Forest Plantations: None in Lentang Forest Reserve, regular inspections on existing ones

09 Jan 2022 08:17am
Pahang's Tembeling River and surrounding jungle, on a stormy day, in Taman Negara Malaysia. (For illustrative purposes only. Source: 123rf)
Pahang's Tembeling River and surrounding jungle, on a stormy day, in Taman Negara Malaysia. (For illustrative purposes only. Source: 123rf)
SHAH ALAM - There are no forest plantation activities in Lentang Forest Reserve, a government land and alienated land near Jalan Bentong-Karak and the Sri Telemong Bridge in Bentong.

However, Pahang Forestry Department director Datuk Dr Mohd Hizamri Mohd Yasin said the plantation programme was located “all over Pahang” except for protected forests and water catchment forests.

He said this following a report by Sinar Daily quoting Kuantan MP Fuziah Salleh saying that the forestry director wasn’t “exactly lying” when he said there were no logging activities happening in the area.

She had said the “woody-debris” flood was likely due to the change of status from normal forest reserve to forest plantation, which according to the law, allows license holders to chop down trees for the purpose of forest cleaning.

She also said this change of status was mere trick for companies to take the timber without a proper logging license.

This, she said, was evident in some cases were the forest plantation projects land were left abandoned after it has been fully cleared.

Fuziah asked the state government to disclose the number of forest plantations projects in Pahang.

Hizamri admitted that there were cases of land abandonment.

He said companies who failed to carry out the replantation programme had their license revoked and the land was taken back by the state government.
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He also said that the state government has continuously carried out inspections and audit on forest plantation lands and will continue doing so to ensure companies adhere to the project requirements.

When asked if Pahang will impose a 15-year moratorium on approvals for new forest plantations in permanent forest reserves in the peninsula as announced by Prime Minister Datuk Seri Ismail Sabri Yaakob last month, Hizamri said the state government has not made any decisions on the matter.

He said anything involving the land and forest within state borders was the state’s jurisdiction thus they had the choice of whether to follow suit or not.

The moratorium was decided by the National Land Council.

Ismail, in his speech during the virtual 79th National Land Council meeting on Dec 2, 2021, had said that before the moratorium was imposed in permanent forests, state governments wishing to continue the development of forest plantations must conduct detailed consultation with the Energy and Natural Resources Ministry to ensure that the companies appointed comply with all conditions set out in their concession agreement and other relevant legislation.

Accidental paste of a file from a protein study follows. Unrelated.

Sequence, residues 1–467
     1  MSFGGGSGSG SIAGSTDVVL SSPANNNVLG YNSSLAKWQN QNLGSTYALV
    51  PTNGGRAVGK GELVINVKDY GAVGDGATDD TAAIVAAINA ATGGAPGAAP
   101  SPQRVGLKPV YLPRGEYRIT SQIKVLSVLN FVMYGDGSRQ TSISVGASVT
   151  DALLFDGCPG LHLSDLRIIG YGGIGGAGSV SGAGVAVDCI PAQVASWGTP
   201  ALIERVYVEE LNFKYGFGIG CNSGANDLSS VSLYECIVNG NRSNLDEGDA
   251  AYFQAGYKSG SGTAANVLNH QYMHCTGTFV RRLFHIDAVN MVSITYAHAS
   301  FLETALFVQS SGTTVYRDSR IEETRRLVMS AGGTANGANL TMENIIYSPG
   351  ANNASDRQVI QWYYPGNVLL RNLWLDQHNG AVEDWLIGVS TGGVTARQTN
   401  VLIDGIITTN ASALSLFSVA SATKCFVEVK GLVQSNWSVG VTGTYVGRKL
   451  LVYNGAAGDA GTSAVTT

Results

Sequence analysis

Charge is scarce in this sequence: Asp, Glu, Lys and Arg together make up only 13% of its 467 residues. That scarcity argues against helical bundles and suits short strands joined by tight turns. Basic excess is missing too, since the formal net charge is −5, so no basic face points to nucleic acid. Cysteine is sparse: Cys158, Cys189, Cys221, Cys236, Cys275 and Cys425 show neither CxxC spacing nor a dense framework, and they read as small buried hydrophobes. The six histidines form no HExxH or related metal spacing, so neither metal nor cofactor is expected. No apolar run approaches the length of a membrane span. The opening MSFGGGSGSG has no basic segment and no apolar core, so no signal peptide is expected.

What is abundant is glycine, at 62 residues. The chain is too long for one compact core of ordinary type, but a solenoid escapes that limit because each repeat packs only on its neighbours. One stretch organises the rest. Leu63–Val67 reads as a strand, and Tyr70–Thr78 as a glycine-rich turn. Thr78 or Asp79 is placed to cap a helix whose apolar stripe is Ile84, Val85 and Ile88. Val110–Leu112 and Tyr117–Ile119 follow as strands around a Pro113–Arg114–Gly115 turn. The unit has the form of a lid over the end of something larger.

“The decision to impose a moratorium was only decided last month thus the state government has yet to decide on the next course of action.

“However, since then, we have not approved any applications for the forest plantation programme.

“It should be noted that we have cancelled about 23 hectares of land for forest plantation in 2021,” Hizamri told Sinar Daily.

He added that they will carry out a meeting with land council members, the Prime Minister and Pahang Menteri Besar Datuk Seri Wan Rosdy Wan Ismail.

Hizamri said he did not have the success rate of the forest plantation programme as it was operated by private companies but there are plans to sit down with them and look into this matter.

The establishment of large scale forest plantations in Malaysia was to alleviate the pressure on the country’s natural forests. Based on the study’s recommendations, Plantation Industries and Commodities Ministry had set a target to establish 375,000 ha of forest plantations by 2020. The target is to plant 25,000 hectares of forest plantations per year for 15 years, starting from 2005.

The council said the first forest plantation projects was due to mature in 2021 and are located in Kelantan, Pahang, Selangor and Sarawak with an expected yield of 3.78 million m³ of logs.

Meanwhile, the council meeting last month also agreed that amendments to Sections 11 and 12 of the National Forestry Act 1984 will be tabled during the first parliament meeting of 2022.

Ismail Sabri had said that its application, however, will depend on states amending relevant local laws.

It was also decided that all state government must enact legislation to punish illegal exploration of permanent forest reserves by June 1 this year.

Ismail Sabri added that there were currently 127,050.25 heaters of forest plantation development zones in permanent forest reserves in the country yet to be allocated to any company use.

On Jan 2, Pahang issued a temporary halt on logging in the state due to the floods during the current monsoon season.

In a notice by Hizamri, it said that a stop-work order on all logging-related activities in the state starts Jan 3 until further notice.

He said action will be taken against licence holders found violating this order and can be charged under the National Forestry Act 1984.